One of the great things about running is the sheer diversity of people you’ll see. It’s an incredibly inclusive sport which caters for everyone. Here are some of the types of people that seem to show up at every event. All examples given are genuine ones I have seen at events…
Are you one of these? Do you spot the same types, or have any additions to the list? Let me know in the comments.
The veteran club runner.
Wears: Short shorts and a club vest. Probably no Garmin, definitely no headphones.
Skinny as a rake, long legs emphasised by the shortness of his shorts, this older gentleman is a serious runner who trains properly and is here to represent his club. He does half-marathons practically every weekend during the peak season, and has done this particular event so many times he’s close friends with the course director. He’s more than twice your age and is much, much, much faster than you.
The inexplicably inappropriately dressed guy.
Wears: tracksuit trousers, baggy cotton t-shirt, vans. Carries an iphone in one hand which he listens to through earbuds that keep falling out. Possibly has a 2-litre bottle of evian with a screw-top in the other hand.
Probably late teens or early twenties, there’s always someone who’s shown up in totally inappropriate kit. At first you wonder if he’s even supposed to be there but, sure enough, he’s wearing a race number and running along with you. Does he not know that you need proper trainers and technical gear for a marathon or does he just not care? Is he so good that it doesn’t matter? You lose sight of him after a while and never see him again. You probably almost definitely surely came in a couple of hours ahead of him but can’t shake the nagging thought that maybe he beat you…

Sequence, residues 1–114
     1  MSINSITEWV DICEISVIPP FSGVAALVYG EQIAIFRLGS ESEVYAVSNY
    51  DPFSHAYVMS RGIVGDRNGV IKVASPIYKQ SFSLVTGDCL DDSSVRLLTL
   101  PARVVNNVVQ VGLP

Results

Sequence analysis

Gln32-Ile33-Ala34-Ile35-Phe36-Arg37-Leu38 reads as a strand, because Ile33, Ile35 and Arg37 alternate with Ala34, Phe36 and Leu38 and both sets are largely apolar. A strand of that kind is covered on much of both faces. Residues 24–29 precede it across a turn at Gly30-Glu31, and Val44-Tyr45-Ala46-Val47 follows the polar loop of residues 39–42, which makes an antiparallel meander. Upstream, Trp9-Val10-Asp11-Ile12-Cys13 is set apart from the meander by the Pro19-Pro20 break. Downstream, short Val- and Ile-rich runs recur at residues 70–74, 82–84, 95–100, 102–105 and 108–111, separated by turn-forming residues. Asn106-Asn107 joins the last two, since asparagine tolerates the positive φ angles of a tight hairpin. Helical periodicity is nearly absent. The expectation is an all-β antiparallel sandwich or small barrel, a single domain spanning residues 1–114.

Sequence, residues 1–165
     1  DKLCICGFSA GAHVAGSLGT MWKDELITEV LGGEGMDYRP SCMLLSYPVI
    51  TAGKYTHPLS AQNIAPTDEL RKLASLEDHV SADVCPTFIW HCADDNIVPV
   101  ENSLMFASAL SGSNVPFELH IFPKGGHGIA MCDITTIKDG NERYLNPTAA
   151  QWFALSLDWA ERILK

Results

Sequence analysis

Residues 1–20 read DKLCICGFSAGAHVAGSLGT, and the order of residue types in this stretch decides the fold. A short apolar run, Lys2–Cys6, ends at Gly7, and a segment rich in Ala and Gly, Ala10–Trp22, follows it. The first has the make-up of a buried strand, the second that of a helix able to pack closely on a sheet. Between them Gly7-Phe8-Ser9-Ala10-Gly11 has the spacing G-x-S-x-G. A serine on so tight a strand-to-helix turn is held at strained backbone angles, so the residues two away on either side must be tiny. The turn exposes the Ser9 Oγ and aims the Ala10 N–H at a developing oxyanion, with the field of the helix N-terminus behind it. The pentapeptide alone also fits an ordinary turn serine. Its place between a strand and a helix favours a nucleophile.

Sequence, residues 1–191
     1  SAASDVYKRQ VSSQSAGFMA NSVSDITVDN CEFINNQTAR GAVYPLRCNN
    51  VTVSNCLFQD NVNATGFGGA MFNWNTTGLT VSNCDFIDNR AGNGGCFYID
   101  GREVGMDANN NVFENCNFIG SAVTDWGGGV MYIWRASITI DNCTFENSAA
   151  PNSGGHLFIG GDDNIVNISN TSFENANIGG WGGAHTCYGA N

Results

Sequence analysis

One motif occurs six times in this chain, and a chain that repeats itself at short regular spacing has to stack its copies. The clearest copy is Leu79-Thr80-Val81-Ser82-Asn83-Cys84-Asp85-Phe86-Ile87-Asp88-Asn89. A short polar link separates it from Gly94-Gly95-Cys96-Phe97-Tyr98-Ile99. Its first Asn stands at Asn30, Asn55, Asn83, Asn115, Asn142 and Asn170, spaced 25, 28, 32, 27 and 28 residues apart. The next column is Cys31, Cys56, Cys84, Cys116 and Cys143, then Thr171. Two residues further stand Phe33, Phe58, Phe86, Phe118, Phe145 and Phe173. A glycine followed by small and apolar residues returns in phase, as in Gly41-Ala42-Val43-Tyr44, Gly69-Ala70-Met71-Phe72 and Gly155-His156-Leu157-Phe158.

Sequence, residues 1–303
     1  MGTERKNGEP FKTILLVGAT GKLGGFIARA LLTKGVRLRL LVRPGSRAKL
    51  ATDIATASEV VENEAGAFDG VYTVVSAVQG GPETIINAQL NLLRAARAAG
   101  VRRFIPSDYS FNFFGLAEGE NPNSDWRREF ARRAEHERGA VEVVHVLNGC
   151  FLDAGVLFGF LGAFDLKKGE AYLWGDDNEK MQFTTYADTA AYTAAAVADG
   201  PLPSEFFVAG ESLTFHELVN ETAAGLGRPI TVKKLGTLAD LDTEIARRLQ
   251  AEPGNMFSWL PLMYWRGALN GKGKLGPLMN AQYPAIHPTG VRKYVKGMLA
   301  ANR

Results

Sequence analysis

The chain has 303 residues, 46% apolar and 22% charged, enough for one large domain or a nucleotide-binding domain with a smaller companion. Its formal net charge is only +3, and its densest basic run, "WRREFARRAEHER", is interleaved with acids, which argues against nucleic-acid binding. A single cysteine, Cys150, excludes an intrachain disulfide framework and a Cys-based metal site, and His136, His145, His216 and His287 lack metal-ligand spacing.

The person doing something ridiculously grueling for charity.
Wears: Full firefighting gear including air cylinder (seen at Portsmouth marathon), heavy animal costume with apparently no space to breathe or see through.
The rhino costumes etc are ubiquitous at the London Marathon and other big events. Even more impressive are soldiers running with heavy packs, firemen in full kit, etc. Generally you’re running past them thinking ‘wow, I thought I was having a bad day’ but occasionally they’ll run past you, leaving you thinking ‘wow, I really am having a bad day…’